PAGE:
The new goal is to start working more towards the bigger picture and less on the day-to-day where my time gets slowly vanishes. I now have to implement a grant for training the women, which was not going to happen because the trainers did not agree. I have to rewrite the budget and proposal in order to find new trainers for this grant in the immediate future while working on the greenhouse proposal that another intern left behind. While this time in Chandelao has not turned out the way I thought it would have, I feel if I work towards the big picture I will have made a difference and helped to change the lives of others for the better.

Chennai- Resting Place of St. Thomas?

The past two weeks I have been traveling in the south of India during the Christmas and New Years holiday. While the general plan was somewhat mapped out, we were in for a surprise when our plane leaving Jaipur was delayed. After traveling to Jaipur from Jodhpur at 5 a.m. in order to get a flight in the afternoon, the airline delayed out flight, for no reason that they could explain to us. This put a damper on our first leg of the trip since we were supposed to get into Chennai, Tamil Nadu, and go to our night train that would take us to the hill stations. Well, needless to say, we missed our train due to the 5-hour delay that was so unconfidently placed on our flight plans. And so the adventure begins…

We arrived in Chennai and knew that we would we would be stranded there for the night with no idea of what to do for travel on the following day. I had called ahead while waiting in Jaipur for a hotel, but once we arrived in Chennai they informed me they had given our room away earlier that evening… Thank you so much! Now we were starting to scramble. After an early morning train, laying around an airport for 5 hours, then an plane ride with a stop on the way in Hyderabad, we just wanted to sleep for a while, especially since it was almost midnight. Well, one of my companions decided in frustration that she would just ask the pre-paid taxi gentleman (if you can call him that) to take us somewhere with openings since everywhere I was calling was full. Bad Idea! After driving about two miles from the airport the taxi pulls off on the side and starts going down dark alleyways where all we see are groups of men and trash, which is not a good start. Once we pulled in front of the so called “hotel” we already had a Hell NO attitude… There were two 20-something year old guys with us going there who were also skeptical. The place was amiably named Shiv Transit Accommodation so it really wasn’t a hotel and we felt we were coming straight into the movie “Taken.” Need I even say that we made them take us back to the airport for us to find out own accommodation?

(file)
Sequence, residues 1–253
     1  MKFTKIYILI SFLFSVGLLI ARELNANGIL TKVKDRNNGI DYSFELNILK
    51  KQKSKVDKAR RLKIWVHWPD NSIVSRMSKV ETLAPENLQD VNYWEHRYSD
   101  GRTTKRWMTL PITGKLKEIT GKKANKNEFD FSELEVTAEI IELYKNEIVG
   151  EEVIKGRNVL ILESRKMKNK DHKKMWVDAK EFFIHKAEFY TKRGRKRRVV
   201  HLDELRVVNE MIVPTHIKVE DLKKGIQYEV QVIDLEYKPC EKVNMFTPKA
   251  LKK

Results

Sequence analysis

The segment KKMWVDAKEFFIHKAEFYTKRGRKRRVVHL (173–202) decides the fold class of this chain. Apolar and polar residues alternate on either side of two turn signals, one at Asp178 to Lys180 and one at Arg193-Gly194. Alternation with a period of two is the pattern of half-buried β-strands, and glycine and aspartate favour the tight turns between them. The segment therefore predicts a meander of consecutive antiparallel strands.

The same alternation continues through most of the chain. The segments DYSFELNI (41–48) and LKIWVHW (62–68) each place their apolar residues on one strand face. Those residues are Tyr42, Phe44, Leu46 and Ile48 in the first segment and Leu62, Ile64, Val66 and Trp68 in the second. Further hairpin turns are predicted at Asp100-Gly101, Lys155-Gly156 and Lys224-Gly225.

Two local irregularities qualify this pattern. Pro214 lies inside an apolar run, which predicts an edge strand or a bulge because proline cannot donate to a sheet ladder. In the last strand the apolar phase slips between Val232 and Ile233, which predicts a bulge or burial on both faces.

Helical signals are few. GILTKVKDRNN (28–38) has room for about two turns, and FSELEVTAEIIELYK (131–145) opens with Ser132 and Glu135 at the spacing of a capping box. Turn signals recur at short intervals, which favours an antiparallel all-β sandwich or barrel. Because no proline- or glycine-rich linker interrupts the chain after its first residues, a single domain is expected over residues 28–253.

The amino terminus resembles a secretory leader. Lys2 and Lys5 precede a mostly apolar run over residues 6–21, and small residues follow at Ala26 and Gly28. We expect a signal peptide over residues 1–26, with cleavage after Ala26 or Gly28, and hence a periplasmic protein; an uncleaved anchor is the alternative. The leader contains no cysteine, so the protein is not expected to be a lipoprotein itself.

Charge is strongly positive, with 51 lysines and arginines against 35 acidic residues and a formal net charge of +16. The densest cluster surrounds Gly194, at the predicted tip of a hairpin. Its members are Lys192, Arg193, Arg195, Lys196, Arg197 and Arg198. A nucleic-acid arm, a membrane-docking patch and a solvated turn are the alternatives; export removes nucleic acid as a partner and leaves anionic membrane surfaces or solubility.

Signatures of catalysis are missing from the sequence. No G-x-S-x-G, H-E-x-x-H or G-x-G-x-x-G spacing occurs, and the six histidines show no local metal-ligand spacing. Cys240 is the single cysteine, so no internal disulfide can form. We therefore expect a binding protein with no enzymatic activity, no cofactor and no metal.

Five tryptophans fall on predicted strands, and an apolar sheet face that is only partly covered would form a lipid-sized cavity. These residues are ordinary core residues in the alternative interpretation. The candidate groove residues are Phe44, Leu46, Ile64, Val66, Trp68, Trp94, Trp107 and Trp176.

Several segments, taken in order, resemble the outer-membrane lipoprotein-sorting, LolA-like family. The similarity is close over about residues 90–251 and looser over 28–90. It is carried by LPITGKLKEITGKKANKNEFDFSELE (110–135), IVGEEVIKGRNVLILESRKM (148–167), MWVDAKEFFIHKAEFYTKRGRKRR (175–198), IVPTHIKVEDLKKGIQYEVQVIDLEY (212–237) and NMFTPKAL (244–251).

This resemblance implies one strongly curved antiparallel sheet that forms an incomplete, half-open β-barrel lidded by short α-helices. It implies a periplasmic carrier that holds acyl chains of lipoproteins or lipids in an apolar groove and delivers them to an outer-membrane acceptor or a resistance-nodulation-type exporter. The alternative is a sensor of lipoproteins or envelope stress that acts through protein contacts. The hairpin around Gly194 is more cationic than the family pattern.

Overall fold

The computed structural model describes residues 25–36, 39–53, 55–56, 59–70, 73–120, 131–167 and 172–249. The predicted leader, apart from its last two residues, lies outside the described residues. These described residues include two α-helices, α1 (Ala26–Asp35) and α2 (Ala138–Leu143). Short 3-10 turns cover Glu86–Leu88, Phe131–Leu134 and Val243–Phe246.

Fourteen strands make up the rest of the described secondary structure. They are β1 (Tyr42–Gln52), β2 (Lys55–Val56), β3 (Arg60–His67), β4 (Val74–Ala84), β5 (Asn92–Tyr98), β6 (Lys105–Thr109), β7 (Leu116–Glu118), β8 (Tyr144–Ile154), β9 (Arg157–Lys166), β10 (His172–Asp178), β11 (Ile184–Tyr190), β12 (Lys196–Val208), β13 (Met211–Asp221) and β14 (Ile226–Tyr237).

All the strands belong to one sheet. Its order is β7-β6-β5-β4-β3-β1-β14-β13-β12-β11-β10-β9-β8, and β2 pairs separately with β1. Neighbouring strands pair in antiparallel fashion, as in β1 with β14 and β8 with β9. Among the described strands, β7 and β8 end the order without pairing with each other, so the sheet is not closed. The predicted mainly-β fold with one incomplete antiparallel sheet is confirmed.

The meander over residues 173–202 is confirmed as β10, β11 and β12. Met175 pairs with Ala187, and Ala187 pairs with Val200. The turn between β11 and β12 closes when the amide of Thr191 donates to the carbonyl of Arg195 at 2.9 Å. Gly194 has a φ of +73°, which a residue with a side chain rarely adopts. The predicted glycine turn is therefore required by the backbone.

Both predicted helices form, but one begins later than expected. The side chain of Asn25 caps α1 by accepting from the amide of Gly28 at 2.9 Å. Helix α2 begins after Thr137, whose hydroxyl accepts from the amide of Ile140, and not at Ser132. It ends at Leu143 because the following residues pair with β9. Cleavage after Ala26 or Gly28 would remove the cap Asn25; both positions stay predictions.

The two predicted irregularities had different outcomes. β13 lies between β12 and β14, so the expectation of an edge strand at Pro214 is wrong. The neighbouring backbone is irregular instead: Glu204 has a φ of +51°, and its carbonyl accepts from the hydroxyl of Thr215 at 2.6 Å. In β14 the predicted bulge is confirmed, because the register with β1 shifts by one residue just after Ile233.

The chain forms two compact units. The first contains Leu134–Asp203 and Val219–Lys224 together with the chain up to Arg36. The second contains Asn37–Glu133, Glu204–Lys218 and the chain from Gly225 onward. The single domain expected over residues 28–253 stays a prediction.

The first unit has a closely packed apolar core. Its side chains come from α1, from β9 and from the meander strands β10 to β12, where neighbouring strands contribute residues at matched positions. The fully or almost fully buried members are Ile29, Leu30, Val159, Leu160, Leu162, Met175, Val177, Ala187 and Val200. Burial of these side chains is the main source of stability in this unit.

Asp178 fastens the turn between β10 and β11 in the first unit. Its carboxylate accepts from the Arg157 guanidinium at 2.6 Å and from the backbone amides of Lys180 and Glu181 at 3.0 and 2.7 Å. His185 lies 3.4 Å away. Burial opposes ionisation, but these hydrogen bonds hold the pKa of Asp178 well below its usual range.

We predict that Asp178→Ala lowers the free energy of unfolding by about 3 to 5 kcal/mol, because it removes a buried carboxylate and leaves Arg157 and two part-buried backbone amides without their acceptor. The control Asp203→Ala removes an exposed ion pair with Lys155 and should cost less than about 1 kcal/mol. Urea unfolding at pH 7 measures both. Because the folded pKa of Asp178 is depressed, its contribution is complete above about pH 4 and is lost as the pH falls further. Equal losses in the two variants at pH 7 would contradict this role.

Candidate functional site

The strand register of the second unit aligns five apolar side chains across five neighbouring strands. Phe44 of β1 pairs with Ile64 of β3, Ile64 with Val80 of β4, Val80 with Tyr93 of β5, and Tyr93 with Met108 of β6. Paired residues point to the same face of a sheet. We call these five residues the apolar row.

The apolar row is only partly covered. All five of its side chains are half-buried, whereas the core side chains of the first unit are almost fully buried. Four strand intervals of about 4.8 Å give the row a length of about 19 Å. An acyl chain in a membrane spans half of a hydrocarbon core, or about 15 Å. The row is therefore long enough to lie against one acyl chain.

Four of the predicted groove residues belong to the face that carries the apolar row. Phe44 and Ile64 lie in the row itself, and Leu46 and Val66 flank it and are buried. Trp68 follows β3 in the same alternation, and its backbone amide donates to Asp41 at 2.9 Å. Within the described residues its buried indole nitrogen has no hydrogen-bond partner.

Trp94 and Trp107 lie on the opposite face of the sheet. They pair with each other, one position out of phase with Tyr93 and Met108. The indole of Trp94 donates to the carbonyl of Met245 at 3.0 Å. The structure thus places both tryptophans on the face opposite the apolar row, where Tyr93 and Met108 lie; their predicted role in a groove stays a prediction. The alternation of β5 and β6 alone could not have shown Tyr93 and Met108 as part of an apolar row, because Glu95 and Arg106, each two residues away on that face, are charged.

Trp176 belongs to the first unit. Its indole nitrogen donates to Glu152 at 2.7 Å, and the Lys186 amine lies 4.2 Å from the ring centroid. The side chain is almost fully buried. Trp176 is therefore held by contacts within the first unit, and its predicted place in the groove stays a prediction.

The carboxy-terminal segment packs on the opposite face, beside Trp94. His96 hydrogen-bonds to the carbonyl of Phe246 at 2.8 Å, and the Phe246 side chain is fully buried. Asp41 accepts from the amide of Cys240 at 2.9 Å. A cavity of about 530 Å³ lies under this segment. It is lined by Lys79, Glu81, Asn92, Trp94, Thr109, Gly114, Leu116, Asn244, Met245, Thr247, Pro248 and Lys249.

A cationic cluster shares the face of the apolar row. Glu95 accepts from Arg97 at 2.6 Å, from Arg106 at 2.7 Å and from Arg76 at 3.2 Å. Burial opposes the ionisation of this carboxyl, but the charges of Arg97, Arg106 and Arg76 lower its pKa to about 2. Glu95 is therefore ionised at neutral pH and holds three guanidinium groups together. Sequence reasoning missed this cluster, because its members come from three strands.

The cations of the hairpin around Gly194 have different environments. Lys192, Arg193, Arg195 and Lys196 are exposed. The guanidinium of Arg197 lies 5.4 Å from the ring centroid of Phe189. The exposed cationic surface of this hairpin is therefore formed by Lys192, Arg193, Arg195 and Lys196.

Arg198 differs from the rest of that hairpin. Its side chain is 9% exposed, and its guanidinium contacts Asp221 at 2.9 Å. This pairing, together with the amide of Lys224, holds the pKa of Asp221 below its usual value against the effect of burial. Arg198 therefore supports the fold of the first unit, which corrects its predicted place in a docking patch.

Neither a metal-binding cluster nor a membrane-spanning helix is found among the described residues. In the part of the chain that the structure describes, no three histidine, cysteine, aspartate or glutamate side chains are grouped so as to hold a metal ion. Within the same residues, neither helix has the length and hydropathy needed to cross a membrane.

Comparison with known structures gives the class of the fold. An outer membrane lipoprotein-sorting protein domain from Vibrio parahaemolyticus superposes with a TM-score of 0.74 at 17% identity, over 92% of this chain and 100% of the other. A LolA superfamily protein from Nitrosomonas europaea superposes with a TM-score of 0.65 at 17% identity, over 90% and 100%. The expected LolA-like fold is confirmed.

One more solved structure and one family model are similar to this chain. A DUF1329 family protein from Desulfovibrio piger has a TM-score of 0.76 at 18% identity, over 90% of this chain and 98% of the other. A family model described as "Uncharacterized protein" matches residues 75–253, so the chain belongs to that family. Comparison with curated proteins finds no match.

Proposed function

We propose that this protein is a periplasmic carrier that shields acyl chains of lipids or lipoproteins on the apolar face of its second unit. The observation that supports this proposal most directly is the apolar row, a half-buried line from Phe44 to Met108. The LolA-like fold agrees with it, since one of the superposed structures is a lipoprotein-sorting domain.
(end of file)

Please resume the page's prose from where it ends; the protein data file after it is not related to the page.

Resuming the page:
The place we found was too much better but we felt a bit better about it. After waking up in the morning, and feeling like we had been beaten with sticks from the stiff travels, we ventured out into the unknown. We decided on going to the Theosophical Society, but once we arrived we noticed the sign on the gate saying they had closed that day for the Christmas and New Years break. So the next stop ended up being the government museum of Chennai. Well, once there they were also closed, and we found out they were closed on all Fridays. After our first two failures, our rickshaw driver, who I haggled with for a good 10 minutes before our first ride, told us he would take us to the main spots of Chennai then drop us at our night bus later in the evening. So Madison, Emily, and myself rented the rickshaw driver for the day and explored Chennai that ended up being a hidden gem.
Our first stop and most surprising was the St. Thomas Basilica. In case you don’t know (because we didn’t) there are only three Basilicas in the world that were built for Apostles of Jesus. Who would have known that one would be in Chennai, India?

Apparently, Thomas migrated over to India and ended up in Chennai in 52 A.D. and started preaching the gospel to the Indian population in Tamil Nadu. He stayed and spread the news of Jesus while performing unfathomable acts in front of the Indians, also known as miracles. St. Thomas taught until his death in 72 A.D. when he was martyred in Chennai.

All three of us had been to private school growing up and attended Christian colleges in the U.S. and none of us had ever heard of St. Thomas going to and be martyred in Chennai! This was one of the highlights of our trip, along with our wonderful driver who sat with our bags all day, which was worth the fair in itself. After leaving the Basilica, and paying our homage to the tomb of St. Thomas, we headed to the beach and dipped our feet in the Indian Ocean while avoiding the glass scattering the Chennai beaches threatening to cut of a toe or cause some serious damage to a fallen hand… The driver also took us to the see the main temple of Chennai and for a cheap south Indian dinner.